The couple, whose Italian restaurant and housemade pasta shop – named Ca’Lucchenzo – is slated to open in the former Juniper 61 by the end of this year, have since sharpened their Thanksgiving game. Between the two, Sarah and Zak are experienced at serving lots of people under pressure-cooker circumstances. Zak’s last gig was executive chef/operating partner at the Pizza Man restaurants, to which Sarah went to work (eventually as CEO/operating partner) after leaving her GM/wine director position at the late c.1880. Thanksgiving isn’t a one-day event for them. Both come from blended families and have siblings spread out over the state, and so they celebrate Turkey Day with “several” meals over the week – two or three, even four, in various Wisconsin cities, says Zak. They get their tryptophan coma, and then some.
A few years after Zak’s green bean casserole gaffe, he bounced back with a dish that has since become a keeper, “endearing” himself to Sarah’s family in the process, his spouse says. Zak’s star-making Gratinato di Cavolfiore is better known in the family as “cheesy cauliflower,” and because of its prominent spot in multiple family festivities, Zak says he “goes into production mode” during holiday week and makes as many as six pans of it. It’s an easy recipe polished with a little Italiano flair – the Parmigiano Reggiano (don’t cave to anything less) is sprinkled over a French béchamel, whose lack of restraint befits the most decadent meal of the year.
Plus: Get Zak Backer’s recipe for Chestnut Stuffing.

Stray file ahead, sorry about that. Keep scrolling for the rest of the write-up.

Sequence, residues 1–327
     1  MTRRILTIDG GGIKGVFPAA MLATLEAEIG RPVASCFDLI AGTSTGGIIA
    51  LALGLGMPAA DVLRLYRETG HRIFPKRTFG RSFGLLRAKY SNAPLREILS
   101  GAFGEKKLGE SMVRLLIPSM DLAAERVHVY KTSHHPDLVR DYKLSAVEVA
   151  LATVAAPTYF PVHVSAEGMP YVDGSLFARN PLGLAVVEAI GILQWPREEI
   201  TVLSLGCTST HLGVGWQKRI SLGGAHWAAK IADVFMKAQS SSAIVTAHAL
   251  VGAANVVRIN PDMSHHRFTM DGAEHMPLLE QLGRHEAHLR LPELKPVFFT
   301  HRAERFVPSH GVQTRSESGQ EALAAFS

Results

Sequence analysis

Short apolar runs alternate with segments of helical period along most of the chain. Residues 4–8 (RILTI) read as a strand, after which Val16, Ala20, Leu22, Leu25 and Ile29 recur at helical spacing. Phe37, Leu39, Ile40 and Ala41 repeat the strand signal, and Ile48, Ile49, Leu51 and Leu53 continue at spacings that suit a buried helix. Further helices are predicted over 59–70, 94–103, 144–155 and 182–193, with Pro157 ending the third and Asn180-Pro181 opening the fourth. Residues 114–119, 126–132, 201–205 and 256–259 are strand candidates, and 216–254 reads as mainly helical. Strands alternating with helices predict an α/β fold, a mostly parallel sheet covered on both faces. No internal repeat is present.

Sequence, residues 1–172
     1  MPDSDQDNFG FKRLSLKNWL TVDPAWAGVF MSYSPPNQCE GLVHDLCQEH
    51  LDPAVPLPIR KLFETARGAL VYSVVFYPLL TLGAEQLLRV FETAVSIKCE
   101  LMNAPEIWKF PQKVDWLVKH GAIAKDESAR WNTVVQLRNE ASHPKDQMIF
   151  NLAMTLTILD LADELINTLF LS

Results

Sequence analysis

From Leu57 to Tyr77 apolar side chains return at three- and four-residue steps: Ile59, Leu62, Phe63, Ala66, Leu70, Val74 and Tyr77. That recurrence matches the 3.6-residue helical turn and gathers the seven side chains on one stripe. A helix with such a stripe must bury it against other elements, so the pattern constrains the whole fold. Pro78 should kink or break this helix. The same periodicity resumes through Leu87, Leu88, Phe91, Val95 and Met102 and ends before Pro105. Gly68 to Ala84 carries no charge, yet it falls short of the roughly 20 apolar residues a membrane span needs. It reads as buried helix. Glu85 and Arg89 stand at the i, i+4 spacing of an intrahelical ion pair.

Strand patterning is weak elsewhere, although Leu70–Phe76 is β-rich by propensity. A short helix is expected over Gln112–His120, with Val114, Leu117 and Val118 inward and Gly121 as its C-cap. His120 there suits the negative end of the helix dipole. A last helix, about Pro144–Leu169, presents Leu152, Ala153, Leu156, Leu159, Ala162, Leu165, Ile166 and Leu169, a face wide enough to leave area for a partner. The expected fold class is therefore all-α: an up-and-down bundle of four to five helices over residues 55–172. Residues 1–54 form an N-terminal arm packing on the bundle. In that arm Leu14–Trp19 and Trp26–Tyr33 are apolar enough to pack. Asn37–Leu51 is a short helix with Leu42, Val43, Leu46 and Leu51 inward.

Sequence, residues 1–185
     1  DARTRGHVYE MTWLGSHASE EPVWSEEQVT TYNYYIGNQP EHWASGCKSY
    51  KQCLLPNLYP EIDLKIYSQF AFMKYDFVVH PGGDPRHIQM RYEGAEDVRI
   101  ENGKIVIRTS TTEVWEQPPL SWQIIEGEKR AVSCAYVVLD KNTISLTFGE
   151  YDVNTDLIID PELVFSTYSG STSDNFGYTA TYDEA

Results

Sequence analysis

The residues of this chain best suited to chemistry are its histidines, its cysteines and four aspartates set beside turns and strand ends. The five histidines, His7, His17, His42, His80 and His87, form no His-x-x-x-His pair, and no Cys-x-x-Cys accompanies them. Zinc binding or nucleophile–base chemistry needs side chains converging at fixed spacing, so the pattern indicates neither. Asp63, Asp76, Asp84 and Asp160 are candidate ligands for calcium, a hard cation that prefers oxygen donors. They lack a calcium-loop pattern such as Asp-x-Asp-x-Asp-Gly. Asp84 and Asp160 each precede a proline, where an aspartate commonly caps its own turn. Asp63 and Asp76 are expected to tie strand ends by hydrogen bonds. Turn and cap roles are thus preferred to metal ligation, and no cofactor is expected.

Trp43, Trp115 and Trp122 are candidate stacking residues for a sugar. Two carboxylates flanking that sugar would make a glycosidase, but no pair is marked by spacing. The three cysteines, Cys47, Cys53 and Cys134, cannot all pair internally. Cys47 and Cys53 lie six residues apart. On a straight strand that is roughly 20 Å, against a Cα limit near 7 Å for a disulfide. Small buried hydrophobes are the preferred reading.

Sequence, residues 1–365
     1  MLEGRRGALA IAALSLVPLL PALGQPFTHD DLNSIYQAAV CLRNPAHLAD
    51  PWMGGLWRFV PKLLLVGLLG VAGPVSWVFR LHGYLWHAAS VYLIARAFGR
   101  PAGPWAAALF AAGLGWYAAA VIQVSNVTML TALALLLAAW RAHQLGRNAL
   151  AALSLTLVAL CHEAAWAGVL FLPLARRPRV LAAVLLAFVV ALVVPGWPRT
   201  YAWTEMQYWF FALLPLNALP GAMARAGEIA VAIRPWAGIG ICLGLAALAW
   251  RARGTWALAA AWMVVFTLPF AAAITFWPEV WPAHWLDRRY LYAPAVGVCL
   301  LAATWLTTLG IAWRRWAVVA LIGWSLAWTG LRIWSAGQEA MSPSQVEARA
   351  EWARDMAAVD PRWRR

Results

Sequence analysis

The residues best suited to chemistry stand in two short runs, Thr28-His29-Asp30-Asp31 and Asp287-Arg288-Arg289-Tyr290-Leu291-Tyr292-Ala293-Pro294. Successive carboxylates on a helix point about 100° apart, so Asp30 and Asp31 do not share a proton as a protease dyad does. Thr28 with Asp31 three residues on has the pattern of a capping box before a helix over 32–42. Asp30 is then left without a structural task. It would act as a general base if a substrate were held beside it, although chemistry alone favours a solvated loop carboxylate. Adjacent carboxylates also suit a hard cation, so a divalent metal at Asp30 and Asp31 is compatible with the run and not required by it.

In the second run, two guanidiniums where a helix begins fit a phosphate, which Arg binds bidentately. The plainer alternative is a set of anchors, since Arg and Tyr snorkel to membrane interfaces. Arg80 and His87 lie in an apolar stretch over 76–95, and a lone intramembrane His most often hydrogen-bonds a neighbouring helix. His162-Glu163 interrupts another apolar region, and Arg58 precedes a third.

Only once have the Bakers prepared the Full Monty themselves. Divvying up the cooking has become the norm. Also the norm is Zak’s bread stuffing, which he makes sure is “sufficiently soaked.” Mixing the ingredients the night before and refrigerating the pre-baked stuffing for several hours or overnight are key: “It has to be like bread pudding. I like it crusty and served sliced.” What isn’t predictable from year to year is Zak’s choice of stuffing additions – chestnuts, cornbread or browned Italian sausage and mushrooms. He moistens them all with a roux enriched with meat stock.
With many solid cooks in their families and some abiding traditions (e.g., Zak’s mom is the Baker pie-maker, and Sarah’s dad always makes the turkey for her family), Sarah focuses on what she knows best – wine. This year, she plans to serve a bright, fruity Nebbiolo made at Italy’s Col Dei Venti winery, a strong partner for the meat and rich, savory side dishes. For whites, she often pours a Chardonnay, but last year’s Roussanne – a creamy, fruity white from Stolpman Vineyards of Los Olivos, California – made a lasting impression. It returns this year.
Restaurant industry folks notwithstanding the Bakers don’t do fussy Thanksgivings. “We definitely make everything but it’s simple, delicious food. No canned cranberries, but there is something fascinating about that. … It’s pretty chill. I wear my daily uniform of flannel,” Zak says, and means it.
As the opening for their own place – whose ambiance they hope compares to feeling like a welcome guest in someone’s home – draws near, they’ve pondered a year when all of the families come together for one big Thanksgiving at the restaurant, which would close for the holiday. In molding and shaping their own Italian-style eatery, “we’re doing what we so naturally want to be doing,” says Sarah. It seems only natural to share that feeling with family.